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Manhattan Cardiology

One of our Cardiologists and co-founder of LabFinder, Robert Segal, MD, was interviewed by WebMD to discuss the Effects of Energy Drinks

He’s quoted as saying:

“If you’re studying for an exam and have to pull an all-nighter a few times a year, it’s probably OK” to have one, says cardiologist Robert Segal, MD, founder of Manhattan Cardiology. But most energy drink fans don’t save them for special occasions, and users don’t always stop after one can (or concentrated “shot”), either.

A key problem, says Segal, is that most energy drinks contain far more caffeine than a standard cup of coffee. An 8-ounce cup of joe has about 100 mg of caffeine. While some energy drink brands may contain a similar amount, others have more than 350 mg per can or shot.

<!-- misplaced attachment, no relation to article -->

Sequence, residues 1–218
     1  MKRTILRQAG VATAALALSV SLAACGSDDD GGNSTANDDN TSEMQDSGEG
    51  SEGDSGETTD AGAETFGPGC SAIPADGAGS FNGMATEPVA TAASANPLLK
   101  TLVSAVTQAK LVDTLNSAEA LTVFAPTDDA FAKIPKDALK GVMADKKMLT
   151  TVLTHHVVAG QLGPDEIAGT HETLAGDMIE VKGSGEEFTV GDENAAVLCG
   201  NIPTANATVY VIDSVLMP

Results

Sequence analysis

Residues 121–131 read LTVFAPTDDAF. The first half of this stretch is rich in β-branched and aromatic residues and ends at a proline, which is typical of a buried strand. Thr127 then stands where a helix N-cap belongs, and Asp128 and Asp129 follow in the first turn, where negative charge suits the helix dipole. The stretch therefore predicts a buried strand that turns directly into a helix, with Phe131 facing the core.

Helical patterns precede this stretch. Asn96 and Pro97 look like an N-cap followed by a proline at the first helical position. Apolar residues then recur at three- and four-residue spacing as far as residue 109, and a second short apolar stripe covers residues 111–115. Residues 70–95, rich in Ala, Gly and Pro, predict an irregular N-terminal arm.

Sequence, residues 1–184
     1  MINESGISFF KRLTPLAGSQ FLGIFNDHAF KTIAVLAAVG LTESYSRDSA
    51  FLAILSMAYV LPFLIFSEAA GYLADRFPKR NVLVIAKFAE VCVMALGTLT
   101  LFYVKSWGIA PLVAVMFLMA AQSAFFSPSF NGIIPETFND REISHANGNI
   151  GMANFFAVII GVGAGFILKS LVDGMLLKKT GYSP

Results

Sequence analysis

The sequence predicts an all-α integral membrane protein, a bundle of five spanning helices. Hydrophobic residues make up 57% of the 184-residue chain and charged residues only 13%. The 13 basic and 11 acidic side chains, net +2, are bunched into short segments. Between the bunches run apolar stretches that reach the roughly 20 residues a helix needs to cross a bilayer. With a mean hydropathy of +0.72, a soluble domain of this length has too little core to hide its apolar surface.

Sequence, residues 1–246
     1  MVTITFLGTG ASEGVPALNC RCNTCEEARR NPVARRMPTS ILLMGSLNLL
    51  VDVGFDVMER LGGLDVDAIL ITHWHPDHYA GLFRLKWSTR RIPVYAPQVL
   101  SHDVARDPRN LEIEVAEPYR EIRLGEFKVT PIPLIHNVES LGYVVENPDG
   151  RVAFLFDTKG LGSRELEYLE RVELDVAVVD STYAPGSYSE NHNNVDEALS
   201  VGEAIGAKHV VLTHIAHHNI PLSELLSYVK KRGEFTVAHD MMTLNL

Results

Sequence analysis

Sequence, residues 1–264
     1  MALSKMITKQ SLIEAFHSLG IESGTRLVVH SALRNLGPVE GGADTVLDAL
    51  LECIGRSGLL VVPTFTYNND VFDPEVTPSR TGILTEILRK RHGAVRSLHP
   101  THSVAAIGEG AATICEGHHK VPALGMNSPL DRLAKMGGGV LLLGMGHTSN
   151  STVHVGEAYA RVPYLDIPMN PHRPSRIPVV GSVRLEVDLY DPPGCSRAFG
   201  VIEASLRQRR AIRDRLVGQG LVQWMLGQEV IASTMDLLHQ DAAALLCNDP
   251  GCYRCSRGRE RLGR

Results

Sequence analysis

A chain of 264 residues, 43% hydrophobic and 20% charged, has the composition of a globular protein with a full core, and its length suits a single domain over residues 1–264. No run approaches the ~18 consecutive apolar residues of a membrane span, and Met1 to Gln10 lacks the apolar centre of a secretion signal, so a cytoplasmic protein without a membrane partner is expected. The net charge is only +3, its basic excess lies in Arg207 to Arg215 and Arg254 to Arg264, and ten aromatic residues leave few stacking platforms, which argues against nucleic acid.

“In small to moderate amounts, caffeine is good,” because it can boost your mood and help you feel more alert, says Segal. “In large amounts, it leads to a decrease in the blood vessels’ ability to dilate. If they constrict and narrow, your blood pressure goes up. If blood vessels are constricted and blood can’t get through, it can cause heart attacks, brain attacks — aka strokes — and damage to other vital organs.”

“The FDA really hasn’t looked at each product, so a lot of the evidence is anecdotal, but when you mix caffeine, sugar, ginseng, guarana, taurine, etc., it definitely adds up to more potential for bodily harm,” says  Segal.

Cocktails that use energy drinks have gotten more popular in recent years. “Alcohol has depressive effects on the brain, and energy drinks have stimulating effects,” says Segal.

View the original piece placement on WebMD.